How to take pictures of the moon with smartphone? 6 tips

How to take pictures of the moon with smartphone? 6 tips

Have you ever wondered how to take pictures of the moon with smartphone? Perhaps you are unsure of the equipment you require or the ideal camera settings for photographing the night sky. I can tell you from personal experience that photographing the stars may be difficult, but if you master the fundamentals, it can be really rewarding and you’ll be able to get some breathtaking images.

We are going to cover all the astrophotography basics in this post to enable you to take stunning pictures of the night sky. This contains camera settings, necessary equipment, composition advice, and much more!

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How to take pictures of the moon with smartphone

Set the brightness for the moon rather than the sky

One of the first things you should learn about getting beautiful moon photos is how to expose it. Simply said, you’re shooting the moon, not the night sky, despite the fact that the two may often be confused, thus you should expose for the moon. Touching the moon on a phone is the same as fixing the focal point on the moon with a good camera. This will cause the photo to be exposed to the light of the moon, which is significant because the moon is much brighter than you believe.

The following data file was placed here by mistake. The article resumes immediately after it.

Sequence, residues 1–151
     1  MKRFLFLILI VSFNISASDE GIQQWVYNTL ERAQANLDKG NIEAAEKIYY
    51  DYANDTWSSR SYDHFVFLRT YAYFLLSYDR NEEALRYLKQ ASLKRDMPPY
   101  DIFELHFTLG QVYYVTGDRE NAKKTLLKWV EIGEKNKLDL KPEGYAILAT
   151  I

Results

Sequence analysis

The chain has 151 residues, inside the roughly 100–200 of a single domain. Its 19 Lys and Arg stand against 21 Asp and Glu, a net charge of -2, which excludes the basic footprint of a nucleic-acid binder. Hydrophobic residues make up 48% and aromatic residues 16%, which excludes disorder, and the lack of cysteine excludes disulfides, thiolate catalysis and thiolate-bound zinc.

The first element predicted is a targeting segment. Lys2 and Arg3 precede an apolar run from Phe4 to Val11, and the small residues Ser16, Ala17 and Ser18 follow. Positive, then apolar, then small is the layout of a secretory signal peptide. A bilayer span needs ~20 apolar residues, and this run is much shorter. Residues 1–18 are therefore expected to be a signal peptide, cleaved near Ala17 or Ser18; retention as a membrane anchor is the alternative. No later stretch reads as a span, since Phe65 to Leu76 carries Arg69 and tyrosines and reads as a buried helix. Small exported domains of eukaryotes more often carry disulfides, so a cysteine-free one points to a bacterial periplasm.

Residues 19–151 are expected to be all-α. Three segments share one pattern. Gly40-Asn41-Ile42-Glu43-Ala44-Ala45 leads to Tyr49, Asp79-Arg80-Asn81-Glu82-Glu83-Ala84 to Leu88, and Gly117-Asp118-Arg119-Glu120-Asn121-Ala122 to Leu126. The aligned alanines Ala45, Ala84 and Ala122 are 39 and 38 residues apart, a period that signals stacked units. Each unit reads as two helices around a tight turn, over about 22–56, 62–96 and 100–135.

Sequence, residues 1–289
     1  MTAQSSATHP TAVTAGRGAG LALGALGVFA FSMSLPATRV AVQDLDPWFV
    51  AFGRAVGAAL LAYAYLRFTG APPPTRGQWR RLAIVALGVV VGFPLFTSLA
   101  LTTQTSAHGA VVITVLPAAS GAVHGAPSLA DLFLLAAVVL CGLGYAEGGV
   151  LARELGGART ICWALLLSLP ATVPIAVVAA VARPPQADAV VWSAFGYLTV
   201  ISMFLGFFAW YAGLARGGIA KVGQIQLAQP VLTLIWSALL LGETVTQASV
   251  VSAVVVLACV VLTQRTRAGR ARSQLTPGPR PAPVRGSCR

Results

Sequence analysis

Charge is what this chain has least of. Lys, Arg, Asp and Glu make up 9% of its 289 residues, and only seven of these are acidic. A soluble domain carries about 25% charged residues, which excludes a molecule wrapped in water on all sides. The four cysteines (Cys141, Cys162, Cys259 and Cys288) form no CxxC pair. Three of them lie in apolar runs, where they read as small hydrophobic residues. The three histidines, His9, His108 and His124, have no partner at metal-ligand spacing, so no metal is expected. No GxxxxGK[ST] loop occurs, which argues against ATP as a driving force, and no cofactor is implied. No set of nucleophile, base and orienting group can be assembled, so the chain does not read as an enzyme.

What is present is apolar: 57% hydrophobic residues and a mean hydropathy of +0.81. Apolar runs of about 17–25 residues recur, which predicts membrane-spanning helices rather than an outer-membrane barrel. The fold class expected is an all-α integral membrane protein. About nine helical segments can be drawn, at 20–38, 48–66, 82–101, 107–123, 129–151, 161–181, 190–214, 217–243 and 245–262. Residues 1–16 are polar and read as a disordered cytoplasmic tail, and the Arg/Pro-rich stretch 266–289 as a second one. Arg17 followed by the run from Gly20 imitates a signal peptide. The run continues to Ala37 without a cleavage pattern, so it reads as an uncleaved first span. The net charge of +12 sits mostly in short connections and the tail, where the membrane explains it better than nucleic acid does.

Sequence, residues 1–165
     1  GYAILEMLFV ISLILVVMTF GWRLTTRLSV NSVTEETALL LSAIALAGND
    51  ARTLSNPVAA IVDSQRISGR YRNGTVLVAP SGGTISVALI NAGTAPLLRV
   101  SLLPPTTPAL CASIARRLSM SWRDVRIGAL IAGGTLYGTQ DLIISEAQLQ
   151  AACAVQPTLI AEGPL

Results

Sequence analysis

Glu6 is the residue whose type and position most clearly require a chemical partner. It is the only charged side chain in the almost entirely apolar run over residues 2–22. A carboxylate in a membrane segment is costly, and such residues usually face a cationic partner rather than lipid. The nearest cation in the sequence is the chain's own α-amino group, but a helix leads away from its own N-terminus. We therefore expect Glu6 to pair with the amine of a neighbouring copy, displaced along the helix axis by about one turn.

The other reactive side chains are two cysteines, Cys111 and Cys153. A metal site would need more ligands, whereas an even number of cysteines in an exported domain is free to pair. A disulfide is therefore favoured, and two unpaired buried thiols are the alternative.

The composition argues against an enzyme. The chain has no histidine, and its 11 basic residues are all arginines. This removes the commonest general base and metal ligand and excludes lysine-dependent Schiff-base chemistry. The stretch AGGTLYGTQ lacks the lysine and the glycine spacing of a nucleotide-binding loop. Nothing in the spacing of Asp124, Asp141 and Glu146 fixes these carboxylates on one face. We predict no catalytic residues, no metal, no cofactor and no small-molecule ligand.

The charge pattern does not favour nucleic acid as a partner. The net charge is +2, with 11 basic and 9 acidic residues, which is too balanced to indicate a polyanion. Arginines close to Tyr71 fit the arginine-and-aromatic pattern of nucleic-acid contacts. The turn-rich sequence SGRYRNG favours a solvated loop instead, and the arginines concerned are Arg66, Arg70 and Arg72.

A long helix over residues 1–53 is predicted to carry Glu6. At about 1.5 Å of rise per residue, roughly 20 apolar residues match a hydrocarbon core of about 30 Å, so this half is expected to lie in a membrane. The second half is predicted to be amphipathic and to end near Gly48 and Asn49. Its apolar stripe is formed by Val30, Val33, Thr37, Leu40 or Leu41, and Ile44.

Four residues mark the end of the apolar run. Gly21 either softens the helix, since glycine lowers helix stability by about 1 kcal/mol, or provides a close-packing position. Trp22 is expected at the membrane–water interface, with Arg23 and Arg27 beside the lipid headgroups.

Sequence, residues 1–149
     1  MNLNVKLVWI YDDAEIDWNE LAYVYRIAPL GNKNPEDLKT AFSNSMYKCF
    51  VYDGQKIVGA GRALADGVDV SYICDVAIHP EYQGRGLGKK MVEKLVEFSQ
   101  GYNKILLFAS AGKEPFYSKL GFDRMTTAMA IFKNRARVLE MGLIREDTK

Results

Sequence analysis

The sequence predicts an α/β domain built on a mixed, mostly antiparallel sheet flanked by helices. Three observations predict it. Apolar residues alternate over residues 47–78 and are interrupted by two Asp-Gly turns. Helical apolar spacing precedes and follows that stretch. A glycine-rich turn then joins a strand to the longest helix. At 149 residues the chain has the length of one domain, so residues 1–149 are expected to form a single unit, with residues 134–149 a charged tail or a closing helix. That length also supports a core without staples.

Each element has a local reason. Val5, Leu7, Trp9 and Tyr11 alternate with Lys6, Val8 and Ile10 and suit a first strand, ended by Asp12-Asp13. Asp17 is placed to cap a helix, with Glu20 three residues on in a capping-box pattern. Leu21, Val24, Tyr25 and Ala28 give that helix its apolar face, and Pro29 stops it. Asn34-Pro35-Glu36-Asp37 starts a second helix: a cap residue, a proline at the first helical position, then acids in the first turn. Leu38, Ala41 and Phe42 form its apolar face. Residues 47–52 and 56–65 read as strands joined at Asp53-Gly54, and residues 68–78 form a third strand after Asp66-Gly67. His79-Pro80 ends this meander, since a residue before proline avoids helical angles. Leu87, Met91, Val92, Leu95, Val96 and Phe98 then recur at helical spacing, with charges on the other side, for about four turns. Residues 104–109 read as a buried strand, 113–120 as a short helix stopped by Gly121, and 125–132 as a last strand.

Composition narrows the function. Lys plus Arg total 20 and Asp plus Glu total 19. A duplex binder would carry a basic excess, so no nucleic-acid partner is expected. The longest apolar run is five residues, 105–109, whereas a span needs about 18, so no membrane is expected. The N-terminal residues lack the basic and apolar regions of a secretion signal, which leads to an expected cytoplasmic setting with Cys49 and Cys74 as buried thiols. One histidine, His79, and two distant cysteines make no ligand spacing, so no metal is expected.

Set the brightness for the moon rather than the sky
Set the brightness for the moon rather than the sky

Reduce the brightness since the Moon is brighter than you believe

Even though a lens is designed to mimic how the eye functions, a camera perceives things differently than you do. Although you have some control over your eye and the camera has some knowledge of how to regulate light, it might not always perform as well as your eye.

A good illustration of this is the moon. Although it is a brilliant object far away, once your eyes have adjusted, you should be able to see the crater on the surface clearly. This isn’t always possible with cameras, and if you point one at the Moon, it can choose to ignore the detail that is on top in order to deal with the brightness.

Lower the scene’s brightness to reduce the exposure so that a phone or camera can figure this out. On a phone, you can usually achieve this by just dragging the brightness slider to the left to make the scene less bright, but with a real camera, you’ll need to speed up the shutter time.

Alternately, you can widen the aperture, but since the moon is so far away, you might not have the necessary “depth” for the aperture to be useful, thus widening the shutter speed could be a better choice. Finally, you’ll want to experiment, although most moon shots don’t require much depth because they’re so far away. The moon is high in the sky, which is where we photograph it, but it doesn’t have to be that way.

Know your limits

We won’t delve into the details of zoom, although you might need some if you want to get a good image of the Moon while it’s not incredibly large in the sky. Knowing the range of the camera you’re dealing with is useful for this reason.